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Ken Saxon: Investment In Social Sector Leadership Has A Powerful Return On Community

Ken Saxon: Investment in Social Sector Leadership Has a Powerful Return on Community

Noozhawk
May 2015

Twenty-nine dollars.

That’s the amount of money nonprofit organizations invest per employee in leadership development per year, according to a study by the Foundation Center. The private sector spends close to five times more.

While private sector investment in leadership isn’t much to crow about, the extreme and chronic underinvestment in social sector leaders stands out. Considering that the entire nonprofit environment is significantly underfunded, this lack of investment in people makes a bad situation worse.

Many of our local organizations already can’t afford the leadership structure they need, nor are they working with the most up-to-date technological tools. And years of trying to “do more with less” has left some of our critical agencies — and the people leading them — running on fumes.

Thus, it’s not surprising that a national survey of nonprofit managers (by the leadership development organization, ProInspire) found that more than 50 percent of nonprofit managers felt they did not have “the knowledge, experience and resources to be successful.”

Add to all this feelings of isolation and inadequacy, real or perceived, and you have the recipe for burnout and turnover. Damaging in any sector, losing the experience, resourcefulness and trusted connections represented by social sector leaders can set an organization — and its mission — back for years.

Grantmakers for Effective Organizations conducted research into what nonprofit leaders felt were the key competencies needed by nonprofit leaders in the next five to 10 years. Five rose to the top of the list:

» Surrounding self with talented team

» Skilled collaborator, experience bringing multiple stakeholders together

» Place solving the problem ahead of individual or organizational success

» Ability to innovate and implement

» Managing to outcomes and for quality improvement

Strikingly, although there was a strong consensus about the most critical competencies, the same survey showed that leaders rated themselves and most of their peers poorly in these five areas.

People aren’t born with these competencies or the experience to demonstrate them in diverse contexts. They need to be developed.

Our region’s social sector leaders need to be invested in, helping them move beyond day-to-day concerns to greater effectiveness and collaboration.

You can help move our sector in the right direction.

Do you give to a nonprofit organization? Consider giving an unrestricted gift, so the organization has the flexibility to invest in staff or board development if that is a top priority, rather than only program-specific costs.

Are you a nonprofit board member? Many nonprofit executives assume you don’t want them to spend money on nonprogram expenses like professional development. What if you asked management how they were investing in themselves and their people, and advocated for more funding in the budget for that purpose?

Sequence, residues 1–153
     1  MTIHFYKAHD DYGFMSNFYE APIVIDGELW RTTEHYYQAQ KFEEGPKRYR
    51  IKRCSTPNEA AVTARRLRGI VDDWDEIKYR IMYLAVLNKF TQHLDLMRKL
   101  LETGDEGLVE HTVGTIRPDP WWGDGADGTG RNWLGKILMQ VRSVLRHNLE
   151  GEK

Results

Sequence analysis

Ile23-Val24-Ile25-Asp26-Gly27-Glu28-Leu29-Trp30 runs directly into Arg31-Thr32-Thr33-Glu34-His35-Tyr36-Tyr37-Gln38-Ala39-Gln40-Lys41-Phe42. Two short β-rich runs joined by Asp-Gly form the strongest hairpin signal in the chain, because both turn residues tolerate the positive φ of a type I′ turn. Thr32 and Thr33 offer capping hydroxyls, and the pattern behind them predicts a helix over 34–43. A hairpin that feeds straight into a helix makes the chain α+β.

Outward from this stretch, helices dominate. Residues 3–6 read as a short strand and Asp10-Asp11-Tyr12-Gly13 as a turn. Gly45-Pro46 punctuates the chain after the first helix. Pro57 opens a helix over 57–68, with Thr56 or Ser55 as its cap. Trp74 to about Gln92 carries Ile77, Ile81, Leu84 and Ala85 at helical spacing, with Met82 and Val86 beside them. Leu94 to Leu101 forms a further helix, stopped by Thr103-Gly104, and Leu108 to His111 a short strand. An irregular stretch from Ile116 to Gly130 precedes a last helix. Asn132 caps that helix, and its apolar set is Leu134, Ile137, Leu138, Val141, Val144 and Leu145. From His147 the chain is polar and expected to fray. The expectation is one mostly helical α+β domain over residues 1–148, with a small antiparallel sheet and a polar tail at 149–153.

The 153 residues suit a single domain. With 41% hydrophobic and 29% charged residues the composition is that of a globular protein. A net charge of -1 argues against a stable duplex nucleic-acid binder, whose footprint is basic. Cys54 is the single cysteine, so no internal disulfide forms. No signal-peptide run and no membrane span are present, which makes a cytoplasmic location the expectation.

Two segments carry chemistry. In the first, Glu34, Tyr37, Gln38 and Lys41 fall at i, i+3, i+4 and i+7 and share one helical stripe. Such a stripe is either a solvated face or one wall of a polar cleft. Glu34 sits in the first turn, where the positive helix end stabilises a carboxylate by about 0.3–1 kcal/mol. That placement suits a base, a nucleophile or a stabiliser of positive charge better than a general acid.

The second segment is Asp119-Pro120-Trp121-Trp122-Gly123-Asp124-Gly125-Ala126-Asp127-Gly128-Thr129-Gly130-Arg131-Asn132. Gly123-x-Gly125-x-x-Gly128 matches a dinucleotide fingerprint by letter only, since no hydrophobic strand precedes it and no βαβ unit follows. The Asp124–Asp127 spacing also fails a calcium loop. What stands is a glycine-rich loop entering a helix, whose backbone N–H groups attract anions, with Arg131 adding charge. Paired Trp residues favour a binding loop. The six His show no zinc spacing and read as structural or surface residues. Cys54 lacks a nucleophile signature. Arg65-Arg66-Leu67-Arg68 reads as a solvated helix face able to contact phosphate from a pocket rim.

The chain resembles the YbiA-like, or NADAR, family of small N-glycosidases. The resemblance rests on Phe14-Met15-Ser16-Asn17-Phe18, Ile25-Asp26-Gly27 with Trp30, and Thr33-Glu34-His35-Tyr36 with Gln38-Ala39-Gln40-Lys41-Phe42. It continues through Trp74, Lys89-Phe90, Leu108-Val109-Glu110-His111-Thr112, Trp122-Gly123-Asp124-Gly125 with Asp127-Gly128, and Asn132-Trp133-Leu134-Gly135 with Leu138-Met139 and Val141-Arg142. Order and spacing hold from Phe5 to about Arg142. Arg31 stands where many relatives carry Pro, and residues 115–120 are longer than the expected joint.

Does your foundation, business or government agency award grants or contracts to the social sector? Consider adding on a percentage useable for leadership development to every project-specific grant. Or consider putting fewer strings on your grantmaking, trusting your valued partners to know best where they need to invest to grow their ability to advance their mission.

Are you a business leader? In a recent McKinsey & Co. survey, social sector leaders highlighted coaching and mentorship as critical professional development needs.

As a private sector leader, you can step in to help bridge the gap. Your leadership experience and your expertise in seemingly unrelated issues (like supply-chain management, social media, knowledge management and customer care) might provide the missing piece in the meeting-the-mission puzzle.

Of course, nonprofit leaders have a huge role to play themselves in this shift. How will you convey to your investors that leadership development isn’t “nice to have” but is instead something that is integral to your program delivery and capacity development? How are you identifying and investing in your leaders of the future, and adding to the ability of your staff and volunteers to contribute to your mission?

We live in a region filled with dedicated leaders giving their whole selves toward improving our communities. But, too often these leaders work in an environment of scarcity, isolation and competition.

At Leading From Within, our philosophy and work is centered on fostering the skills, mindsets and connections that our social sector leaders need. Please join us in advocating for a much greater investment in the people of the nonprofit sector.

Ira Hirschfield, president of the Evelyn and Walter Haas Jr. Fund, put it best.

“Unless we can figure out what is behind the nonprofit world’s chronic underinvestment in leadership and turn things around, we will continue to overlook one of the most important ingredients of positive social change,” he said.

“Investing in leadership doesn’t just deliver higher performance; it can also deliver a better, more equitable world.”

— Ken Saxon is board president of Leading From Within and an instructor in its Courage to Lead and Emerging Leaders programs. Click here to read additional columns. The opinions expressed are his own.

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